Sept 3 2014 UTSD…
Andrew Kay, an early San Diego technology entrepreneur who founded Kaypro Corp. computers in the early 1980s, died last week in North County. He was 95.
A relentlessly curious learner and inventor, Kay gained prominence not only as an early computer pioneer but also for his novel management techniques.
He noticed that workers at the end of a production line – those who could see the fruits of the labor – were more productive than those at the beginning. So he broke the assembly line at one of his companies into teams. Psychologist Abraham Maslow – who studied human motivation – spent a summer with Kay observing his techniques.
Maslow later wrote a book on the topic and gave Kay credit for contributing to his theories. Kay “had a very wide spectrum of interests,” said longtime friend and fellow MIT engineering graduate Joe Marcello, 86. “One thing that is taken lightly by many people but is very significant is his contribution to Maslow’s theory of management. That transformed the way American manufacturers ran their businesses in the ‘60s and ‘70s.”
The son of Russian immigrants, Kay grew up in New Jersey and graduated from MIT in 1940 with an engineering degree. He came to California to work at the Jet Propulsion Laboratory in Pasadena before moving to San Diego County in 1949 to join Bill Jack Scientific Engineering.
In 1952, he invented the digital volt meter to precisely measure electrical current. A year later he founded Non-Linear Systems to make the devices, which were first sold to the military and then later sold to commercial customers.
“I think he was one of the founders of digital technology because the digital volt meter was the first device that actually read out in electronic digits,” said his son, David Kay. “He had a long run building those instruments, from 1952 until Kaypro.”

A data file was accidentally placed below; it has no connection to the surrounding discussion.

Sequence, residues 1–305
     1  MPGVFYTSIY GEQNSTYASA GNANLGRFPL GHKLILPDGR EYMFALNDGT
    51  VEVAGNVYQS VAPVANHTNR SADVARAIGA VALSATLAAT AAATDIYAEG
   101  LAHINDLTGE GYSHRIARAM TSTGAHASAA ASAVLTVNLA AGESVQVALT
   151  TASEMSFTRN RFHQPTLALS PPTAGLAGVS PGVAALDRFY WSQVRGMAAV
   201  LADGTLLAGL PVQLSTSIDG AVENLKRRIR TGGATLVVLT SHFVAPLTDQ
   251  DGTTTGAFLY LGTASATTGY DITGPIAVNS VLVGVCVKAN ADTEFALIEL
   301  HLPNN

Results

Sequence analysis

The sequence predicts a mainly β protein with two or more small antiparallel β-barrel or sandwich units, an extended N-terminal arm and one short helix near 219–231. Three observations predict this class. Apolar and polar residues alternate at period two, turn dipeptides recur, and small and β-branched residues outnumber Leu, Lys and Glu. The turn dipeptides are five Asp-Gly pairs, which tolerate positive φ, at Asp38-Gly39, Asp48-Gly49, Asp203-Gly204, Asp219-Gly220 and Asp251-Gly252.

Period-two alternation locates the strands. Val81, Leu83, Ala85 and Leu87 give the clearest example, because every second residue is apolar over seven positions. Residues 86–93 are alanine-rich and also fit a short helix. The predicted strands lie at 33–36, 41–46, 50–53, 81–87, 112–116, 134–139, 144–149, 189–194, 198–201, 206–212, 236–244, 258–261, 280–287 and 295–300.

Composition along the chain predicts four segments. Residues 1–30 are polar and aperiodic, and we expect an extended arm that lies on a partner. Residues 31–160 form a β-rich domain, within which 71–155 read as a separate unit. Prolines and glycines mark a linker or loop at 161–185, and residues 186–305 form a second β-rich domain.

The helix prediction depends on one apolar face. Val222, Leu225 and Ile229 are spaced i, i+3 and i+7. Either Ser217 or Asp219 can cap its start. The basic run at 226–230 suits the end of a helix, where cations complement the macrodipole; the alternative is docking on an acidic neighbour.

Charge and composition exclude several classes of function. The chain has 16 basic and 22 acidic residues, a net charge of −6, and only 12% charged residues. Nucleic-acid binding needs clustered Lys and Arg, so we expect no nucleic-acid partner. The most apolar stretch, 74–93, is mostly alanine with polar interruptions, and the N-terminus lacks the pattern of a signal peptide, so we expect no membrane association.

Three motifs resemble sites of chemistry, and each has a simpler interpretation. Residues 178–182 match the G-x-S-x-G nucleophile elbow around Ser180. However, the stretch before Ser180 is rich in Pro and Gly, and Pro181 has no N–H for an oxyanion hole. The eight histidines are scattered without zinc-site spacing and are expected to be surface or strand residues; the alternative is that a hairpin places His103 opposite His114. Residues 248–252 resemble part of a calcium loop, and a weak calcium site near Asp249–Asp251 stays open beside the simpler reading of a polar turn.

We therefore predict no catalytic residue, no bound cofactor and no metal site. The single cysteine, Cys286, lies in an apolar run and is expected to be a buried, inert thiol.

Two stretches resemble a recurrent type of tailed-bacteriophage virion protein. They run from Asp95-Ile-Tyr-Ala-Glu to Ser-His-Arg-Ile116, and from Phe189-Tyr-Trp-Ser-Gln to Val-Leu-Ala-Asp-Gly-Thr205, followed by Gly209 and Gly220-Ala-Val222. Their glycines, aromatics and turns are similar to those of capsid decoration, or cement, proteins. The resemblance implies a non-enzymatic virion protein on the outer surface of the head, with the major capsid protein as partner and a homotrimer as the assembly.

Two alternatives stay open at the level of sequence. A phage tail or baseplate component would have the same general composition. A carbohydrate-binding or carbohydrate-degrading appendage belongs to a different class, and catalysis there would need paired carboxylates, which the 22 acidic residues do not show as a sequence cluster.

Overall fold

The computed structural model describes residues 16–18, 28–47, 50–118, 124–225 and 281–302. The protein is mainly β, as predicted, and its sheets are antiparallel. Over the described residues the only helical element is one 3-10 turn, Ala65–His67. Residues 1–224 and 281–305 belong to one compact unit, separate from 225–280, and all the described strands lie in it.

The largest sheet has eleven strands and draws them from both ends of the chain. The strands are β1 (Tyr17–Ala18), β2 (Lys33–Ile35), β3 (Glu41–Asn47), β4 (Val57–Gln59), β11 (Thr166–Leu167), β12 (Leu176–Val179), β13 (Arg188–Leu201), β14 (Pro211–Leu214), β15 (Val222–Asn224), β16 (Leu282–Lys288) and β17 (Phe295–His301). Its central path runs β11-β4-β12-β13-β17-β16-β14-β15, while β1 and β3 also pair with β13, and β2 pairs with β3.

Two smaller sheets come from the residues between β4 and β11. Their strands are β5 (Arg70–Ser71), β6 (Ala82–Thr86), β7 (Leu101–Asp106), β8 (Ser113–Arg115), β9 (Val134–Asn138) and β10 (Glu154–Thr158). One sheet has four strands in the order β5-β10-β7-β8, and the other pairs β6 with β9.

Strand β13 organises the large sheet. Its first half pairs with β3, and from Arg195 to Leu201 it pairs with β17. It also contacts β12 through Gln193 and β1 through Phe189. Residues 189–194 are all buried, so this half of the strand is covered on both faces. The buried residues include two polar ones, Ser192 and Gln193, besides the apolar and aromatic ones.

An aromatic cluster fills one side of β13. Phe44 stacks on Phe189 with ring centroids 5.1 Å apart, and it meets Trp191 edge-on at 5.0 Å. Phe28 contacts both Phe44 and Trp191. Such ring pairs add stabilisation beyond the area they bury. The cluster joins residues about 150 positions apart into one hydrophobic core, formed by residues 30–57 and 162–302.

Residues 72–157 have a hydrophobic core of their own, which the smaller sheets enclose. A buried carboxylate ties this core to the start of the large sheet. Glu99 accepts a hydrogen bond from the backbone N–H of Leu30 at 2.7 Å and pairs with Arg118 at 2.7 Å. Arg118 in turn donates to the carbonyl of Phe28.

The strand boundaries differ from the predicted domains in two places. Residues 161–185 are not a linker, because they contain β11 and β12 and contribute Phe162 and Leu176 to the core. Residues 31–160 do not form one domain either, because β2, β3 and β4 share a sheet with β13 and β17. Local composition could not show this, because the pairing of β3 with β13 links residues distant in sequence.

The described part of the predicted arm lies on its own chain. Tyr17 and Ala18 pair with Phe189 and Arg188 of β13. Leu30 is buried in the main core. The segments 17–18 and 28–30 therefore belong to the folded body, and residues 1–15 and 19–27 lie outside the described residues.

Kay got into the computer business when he saw that the machines on the market were not as complex as his digital volt meters. He ended up running one of the hottest companies in the computer business for a time.
Founded in 1982, Kaypro Corp. made a portable computer. It battled rival Osborne Computer Corp – which introduced its product a year earlier with a tiny 5-inch screen – in the fledgling market for computers that people could take with them, precursors to today’s laptops.
“Kaypro with the Kaypro II — the first really commercially available version — took that basic idea of a portable computer and put a 9-inch screen in it,” said David Greelish, an Atlanta-based computer historian. “That made it way more usable. So he borrowed a lot of the ideas of the Osborne, but I think he made a much better computer. It had a solid metal case. It was really rugged.”
Kaypro focused on selling to independent electronics stores and saw sales soar to $120 million in just two years. The company went public. By the mid-1980s, it was the third largest computer seller behind Apple and IBM, and Kaypro employed nearly 700 workers in Solana Beach.
But Kaypro missed a key technology landmark when it was late to adopt Microsoft’s MS-DOS operating system, which became the de-facto industry standard. By 1990, Kaypro filed for bankruptcy.
In a 2005 interview with U-T San Diego, Kay said he regretted that Kaypro investors lost money. He said that he lost much of his fortune when the company’s stock collapsed. He invested millions of his own money trying to save the company.
But when Kaypro failed, it wasn’t in Kay’s nature to fret about it. He founded a new company, Kay Computers. Based in Solana Beach, the small company made specialized, rugged PCs for clients around San Diego. Kay led the firm into his 90s, coming into the office every day, making sales calls.
“He was very resilient,” said David Kay. “That is something I learned from him. Set your priorities. Don’t look back. Just move forward. Take what happened and learn from it. Don’t dwell on it.”
Kay Computers was active until 2010, when health problems forced Kay to give up the business.
He was inducted into the Computer Museum of America Hall of Fame in 1998. He was an active member of the MIT Club of San Diego, and was well known in the region’s technology circles.
Outside of business, Kay served as a trustee on the San Dieguito School Board from 1955 to 1970. He also was a board member of the Johnson O’Connor Research Foundation, which is involved in educational projects. Kay also was a founding member of the Del Mar Rotary Club.